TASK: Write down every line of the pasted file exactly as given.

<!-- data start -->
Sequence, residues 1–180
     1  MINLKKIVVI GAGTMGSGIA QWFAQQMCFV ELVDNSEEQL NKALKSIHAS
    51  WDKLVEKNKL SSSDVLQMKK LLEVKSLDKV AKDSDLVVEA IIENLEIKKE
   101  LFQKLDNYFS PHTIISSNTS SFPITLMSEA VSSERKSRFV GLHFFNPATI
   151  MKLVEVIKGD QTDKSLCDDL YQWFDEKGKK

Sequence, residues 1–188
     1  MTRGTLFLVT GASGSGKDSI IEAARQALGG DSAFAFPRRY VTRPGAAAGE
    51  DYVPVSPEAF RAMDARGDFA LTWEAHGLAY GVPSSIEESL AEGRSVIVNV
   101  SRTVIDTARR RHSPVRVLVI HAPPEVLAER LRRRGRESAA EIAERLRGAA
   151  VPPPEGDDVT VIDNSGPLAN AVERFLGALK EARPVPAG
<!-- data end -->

Sequence, residues 1–180
     1  MINLKKIVVI GAGTMGSGIA QWFAQQMCFV ELVDNSEEQL NKALKSIHAS
    51  WDKLVEKNKL SSSDVLQMKK LLEVKSLDKV AKDSDLVVEA IIENLEIKKE
   101  LFQKLDNYFS PHTIISSNTS SFPITLMSEA VSSERKSRFV GLHFFNPATI
   151  MKLVEVIKGD QTDKSLCDDL YQWFDEKGKK

Sequence, residues 1–188
     1  MTRGTLFLVT GASGSGKDSI IEAARQALGG DSAFAFPRRY VTRPGAAAGE
    51  DYVPVSPEAF RAMDARGDFA LTWEAHGLAY GVPSSIEESL AEGRSVIVNV
   101  SRTVIDTARR RHSPVRVLVI HAPPEVLAER LRRRGRESAA EIAERLRGAA
   151  VPPPEGDDVT VIDNSGPLAN AVERFLGALK EARPVPAG